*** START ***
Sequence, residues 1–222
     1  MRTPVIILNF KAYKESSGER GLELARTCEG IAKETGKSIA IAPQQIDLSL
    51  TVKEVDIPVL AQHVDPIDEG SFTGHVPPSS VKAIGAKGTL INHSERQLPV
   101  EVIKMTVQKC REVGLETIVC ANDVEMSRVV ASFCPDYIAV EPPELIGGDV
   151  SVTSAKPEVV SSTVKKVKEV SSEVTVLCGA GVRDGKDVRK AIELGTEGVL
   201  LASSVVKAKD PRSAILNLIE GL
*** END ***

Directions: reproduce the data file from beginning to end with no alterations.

Sequence, residues 1–222
     1  MRTPVIILNF KAYKESSGER GLELARTCEG IAKETGKSIA IAPQQIDLSL
    51  TVKEVDIPVL AQHVDPIDEG SFTGHVPPSS VKAIGAKGTL INHSERQLPV
   101  EVIKMTVQKC REVGLETIVC ANDVEMSRVV ASFCPDYIAV EPPELIGGDV
   151  SVTSAKPEVV SSTVKKVKEV SSEVTVLCGA GVRDGKDVRK AIELGTEGVL
   201  LASSVVKAKD PRSAILNLIE GL